What Could Work in Vermont Could Also Work in New York

July 1, 2020 Leave a comment

Yesterday I critiqued Michelle Goldberg’s article on school reopening, indicating it was not ambitious enough in its thinking. This morning, I decided to tweak the idea I was asked to submit to the Vermont School Board and submit it to the NYTimes because I am committed to the ideas included in it. While I doubt that it will be published I DO hope it will be read. Here’s the submission, which incorporates some concepts from NY’s Regents and Commissioner’s office.

The Network Schools Model

The best way to change the existing reality is to create a new reality

that makes the old one obsolete … Buckminster Fuller

Structural change in the “existing reality” of public education is long overdue. We are currently operating schools using a model devised in the 1920s, engineered in the 1950s, and standardized as part of the accountability movement of the late 20th and early 21st Century. The reopening of schools in response to the pandemic presents an opportunity to consider a new way to organize schools, a “new reality” I call the “Network School Model”. 

The organizational structure of schools, modeled after the factories and mills that served as the backbone of local economies in the early 20th century, provided the most cost-effective means of sorting students. It used standardized tests to sort students for group instruction at the elementary level and sort students into two groups at the secondary level: those who would qualify for higher education and those who would enter the workforce.  In our current global information economy where the mission of public education is to provide all students with the skills, motivation, and self-discipline needed to become lifelong learners, this organizational structure no longer makes sense. Part 100 Regulations of the Commissioner of Education issued in 2013 provides the tools to offer every child the time and customized instruction required for them to: learn-how-to-learn; become flexible, creative, and adaptable thinkers; and develop the insight and character needed for full participation in our capitalist democracy. Now might be an opportune time to organize schools in a way that will fully realize the promise of that legislation.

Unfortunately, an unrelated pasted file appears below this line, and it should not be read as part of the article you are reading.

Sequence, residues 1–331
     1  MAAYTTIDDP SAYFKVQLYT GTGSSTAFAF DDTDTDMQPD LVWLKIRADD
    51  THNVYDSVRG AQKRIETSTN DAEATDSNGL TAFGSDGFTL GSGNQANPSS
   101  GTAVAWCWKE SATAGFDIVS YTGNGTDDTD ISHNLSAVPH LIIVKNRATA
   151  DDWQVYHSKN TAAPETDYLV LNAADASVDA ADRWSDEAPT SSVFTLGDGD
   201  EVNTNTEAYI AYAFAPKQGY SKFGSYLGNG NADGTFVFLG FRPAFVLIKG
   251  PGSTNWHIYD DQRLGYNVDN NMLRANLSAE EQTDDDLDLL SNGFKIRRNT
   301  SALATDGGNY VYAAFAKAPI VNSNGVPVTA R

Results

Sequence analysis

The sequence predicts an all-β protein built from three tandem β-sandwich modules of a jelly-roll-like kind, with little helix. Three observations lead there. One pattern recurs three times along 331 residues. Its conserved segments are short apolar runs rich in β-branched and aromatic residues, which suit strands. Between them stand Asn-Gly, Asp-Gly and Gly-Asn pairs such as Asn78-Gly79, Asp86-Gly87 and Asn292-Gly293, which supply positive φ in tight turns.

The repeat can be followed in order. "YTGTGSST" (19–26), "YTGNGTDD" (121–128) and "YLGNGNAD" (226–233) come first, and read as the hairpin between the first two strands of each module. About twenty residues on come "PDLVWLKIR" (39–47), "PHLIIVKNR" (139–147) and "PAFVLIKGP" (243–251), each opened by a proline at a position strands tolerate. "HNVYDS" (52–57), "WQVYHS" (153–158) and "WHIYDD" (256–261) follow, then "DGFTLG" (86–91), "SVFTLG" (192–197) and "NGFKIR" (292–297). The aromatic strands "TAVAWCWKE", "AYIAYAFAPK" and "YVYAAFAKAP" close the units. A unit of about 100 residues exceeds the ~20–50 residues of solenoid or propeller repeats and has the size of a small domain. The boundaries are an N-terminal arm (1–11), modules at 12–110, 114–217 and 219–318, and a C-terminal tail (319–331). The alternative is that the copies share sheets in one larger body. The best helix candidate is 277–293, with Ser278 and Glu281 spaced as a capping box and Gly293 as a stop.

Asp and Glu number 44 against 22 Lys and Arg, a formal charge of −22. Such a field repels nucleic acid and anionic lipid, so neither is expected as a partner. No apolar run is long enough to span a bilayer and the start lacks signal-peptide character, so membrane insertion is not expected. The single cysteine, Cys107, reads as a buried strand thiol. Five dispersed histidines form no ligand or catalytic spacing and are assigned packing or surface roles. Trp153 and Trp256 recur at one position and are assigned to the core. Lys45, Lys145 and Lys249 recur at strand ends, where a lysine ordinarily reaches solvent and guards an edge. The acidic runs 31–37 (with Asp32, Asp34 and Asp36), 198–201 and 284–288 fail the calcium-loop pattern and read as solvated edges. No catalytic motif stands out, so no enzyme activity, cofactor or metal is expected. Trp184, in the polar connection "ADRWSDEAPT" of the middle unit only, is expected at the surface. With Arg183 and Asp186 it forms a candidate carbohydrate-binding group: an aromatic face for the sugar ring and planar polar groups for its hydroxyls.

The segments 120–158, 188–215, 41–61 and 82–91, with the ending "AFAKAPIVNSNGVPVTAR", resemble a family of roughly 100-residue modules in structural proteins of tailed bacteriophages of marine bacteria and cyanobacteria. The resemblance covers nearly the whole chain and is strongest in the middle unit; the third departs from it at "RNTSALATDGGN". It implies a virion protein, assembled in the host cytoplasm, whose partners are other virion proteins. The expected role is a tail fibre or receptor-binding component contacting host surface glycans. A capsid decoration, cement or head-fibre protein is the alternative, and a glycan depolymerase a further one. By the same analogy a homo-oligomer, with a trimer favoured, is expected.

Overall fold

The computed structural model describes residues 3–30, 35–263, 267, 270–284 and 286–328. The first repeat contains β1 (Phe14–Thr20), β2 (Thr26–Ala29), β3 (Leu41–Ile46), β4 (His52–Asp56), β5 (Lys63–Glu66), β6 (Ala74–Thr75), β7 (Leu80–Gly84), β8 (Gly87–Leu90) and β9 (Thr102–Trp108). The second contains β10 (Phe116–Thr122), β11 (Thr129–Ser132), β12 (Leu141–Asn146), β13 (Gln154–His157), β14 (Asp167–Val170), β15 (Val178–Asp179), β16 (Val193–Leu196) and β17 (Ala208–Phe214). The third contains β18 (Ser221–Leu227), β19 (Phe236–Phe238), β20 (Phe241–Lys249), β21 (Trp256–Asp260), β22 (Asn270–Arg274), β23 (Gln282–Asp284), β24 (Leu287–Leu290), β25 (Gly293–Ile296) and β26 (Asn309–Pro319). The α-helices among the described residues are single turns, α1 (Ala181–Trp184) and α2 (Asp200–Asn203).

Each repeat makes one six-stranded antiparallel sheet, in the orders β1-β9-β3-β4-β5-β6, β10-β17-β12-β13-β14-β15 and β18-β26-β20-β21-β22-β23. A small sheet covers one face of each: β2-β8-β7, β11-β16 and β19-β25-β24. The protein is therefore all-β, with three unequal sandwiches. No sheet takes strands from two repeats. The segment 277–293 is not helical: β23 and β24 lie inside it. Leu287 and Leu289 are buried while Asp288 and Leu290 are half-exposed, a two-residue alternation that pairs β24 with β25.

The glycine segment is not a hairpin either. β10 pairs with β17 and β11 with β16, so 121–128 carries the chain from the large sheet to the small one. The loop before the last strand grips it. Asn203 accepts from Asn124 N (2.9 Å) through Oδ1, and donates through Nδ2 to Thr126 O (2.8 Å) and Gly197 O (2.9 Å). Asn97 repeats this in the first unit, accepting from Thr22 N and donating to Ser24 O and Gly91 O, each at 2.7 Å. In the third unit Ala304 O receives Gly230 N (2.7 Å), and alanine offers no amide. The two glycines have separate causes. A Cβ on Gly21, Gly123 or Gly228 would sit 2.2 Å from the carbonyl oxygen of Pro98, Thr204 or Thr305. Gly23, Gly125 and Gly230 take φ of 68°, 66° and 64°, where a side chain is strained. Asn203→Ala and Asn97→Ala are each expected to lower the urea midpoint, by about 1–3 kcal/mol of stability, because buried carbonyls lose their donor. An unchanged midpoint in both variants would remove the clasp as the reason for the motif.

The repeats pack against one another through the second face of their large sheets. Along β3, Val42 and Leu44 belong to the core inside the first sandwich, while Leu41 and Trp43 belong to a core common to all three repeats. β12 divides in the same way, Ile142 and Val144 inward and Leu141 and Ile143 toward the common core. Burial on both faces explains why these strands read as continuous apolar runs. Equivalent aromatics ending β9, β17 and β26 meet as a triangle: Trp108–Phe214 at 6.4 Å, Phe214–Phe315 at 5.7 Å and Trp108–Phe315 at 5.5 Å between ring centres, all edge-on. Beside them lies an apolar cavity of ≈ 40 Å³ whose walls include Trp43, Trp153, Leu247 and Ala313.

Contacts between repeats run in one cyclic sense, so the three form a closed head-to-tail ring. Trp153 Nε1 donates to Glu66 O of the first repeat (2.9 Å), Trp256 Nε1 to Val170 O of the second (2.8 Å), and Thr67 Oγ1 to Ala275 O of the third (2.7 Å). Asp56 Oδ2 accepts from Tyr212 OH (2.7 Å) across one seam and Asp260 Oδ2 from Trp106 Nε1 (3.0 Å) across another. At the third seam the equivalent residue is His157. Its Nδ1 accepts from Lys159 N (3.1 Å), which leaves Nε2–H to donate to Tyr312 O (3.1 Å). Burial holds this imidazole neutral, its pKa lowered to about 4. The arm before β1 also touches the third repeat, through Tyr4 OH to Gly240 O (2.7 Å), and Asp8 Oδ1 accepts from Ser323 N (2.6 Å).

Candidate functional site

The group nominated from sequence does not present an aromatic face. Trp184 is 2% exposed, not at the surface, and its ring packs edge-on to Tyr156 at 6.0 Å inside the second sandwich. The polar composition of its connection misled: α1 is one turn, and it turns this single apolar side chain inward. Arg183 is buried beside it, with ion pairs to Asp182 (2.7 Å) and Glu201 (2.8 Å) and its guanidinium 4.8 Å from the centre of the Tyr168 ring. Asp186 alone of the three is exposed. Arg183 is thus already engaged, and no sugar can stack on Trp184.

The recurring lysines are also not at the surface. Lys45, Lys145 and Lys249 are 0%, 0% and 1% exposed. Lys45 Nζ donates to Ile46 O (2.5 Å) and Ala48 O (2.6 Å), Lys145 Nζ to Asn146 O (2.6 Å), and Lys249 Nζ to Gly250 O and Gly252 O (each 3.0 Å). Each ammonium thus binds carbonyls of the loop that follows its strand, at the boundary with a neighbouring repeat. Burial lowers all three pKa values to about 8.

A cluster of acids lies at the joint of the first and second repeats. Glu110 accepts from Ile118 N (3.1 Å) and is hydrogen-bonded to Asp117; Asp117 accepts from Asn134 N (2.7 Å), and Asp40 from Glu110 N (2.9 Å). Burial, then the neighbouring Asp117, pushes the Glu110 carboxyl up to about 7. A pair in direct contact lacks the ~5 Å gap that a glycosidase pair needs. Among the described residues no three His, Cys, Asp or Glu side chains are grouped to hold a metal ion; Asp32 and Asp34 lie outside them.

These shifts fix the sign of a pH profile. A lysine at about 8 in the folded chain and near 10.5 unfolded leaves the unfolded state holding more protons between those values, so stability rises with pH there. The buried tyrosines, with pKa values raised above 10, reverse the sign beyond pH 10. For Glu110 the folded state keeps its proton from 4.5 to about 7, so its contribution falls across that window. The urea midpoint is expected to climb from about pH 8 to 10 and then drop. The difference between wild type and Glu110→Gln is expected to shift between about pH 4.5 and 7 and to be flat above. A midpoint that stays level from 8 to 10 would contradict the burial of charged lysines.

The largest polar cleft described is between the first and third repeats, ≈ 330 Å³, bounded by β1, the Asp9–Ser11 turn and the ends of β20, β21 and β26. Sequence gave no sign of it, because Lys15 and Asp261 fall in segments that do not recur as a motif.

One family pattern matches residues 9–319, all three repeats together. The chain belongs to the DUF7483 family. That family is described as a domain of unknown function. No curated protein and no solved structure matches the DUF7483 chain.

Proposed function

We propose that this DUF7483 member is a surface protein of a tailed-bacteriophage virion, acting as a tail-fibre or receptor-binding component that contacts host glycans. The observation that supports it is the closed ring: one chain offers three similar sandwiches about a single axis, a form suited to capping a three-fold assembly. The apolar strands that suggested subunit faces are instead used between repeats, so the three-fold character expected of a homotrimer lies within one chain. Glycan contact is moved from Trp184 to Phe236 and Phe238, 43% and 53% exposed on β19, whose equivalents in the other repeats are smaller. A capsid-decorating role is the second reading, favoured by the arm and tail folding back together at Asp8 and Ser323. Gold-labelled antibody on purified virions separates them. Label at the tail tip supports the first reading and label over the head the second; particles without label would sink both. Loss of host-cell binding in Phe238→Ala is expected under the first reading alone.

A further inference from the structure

The Network Schools Model

The optimal way to teach someone is by tutoring. Tutors fully engage students by matching their instruction to each student’s ability level, their unique interests, and their unique way of learning. The notion of providing a tutor for each student was inconceivable before students had access to the vast array of free online video instruction that emerged in the past decade and before the widespread use of video-conferencing, With the availability of these resources, it is possible to develop and implement a student-centered and student-driven model for schooling; a model based on the assumption that each child is naturally curious and capable of attaining the skills needed to become a self-disciplined learner; a model that builds on the personalized learning plans, flexible pathways, and proficiency based assessment initiatives launched in Vermont.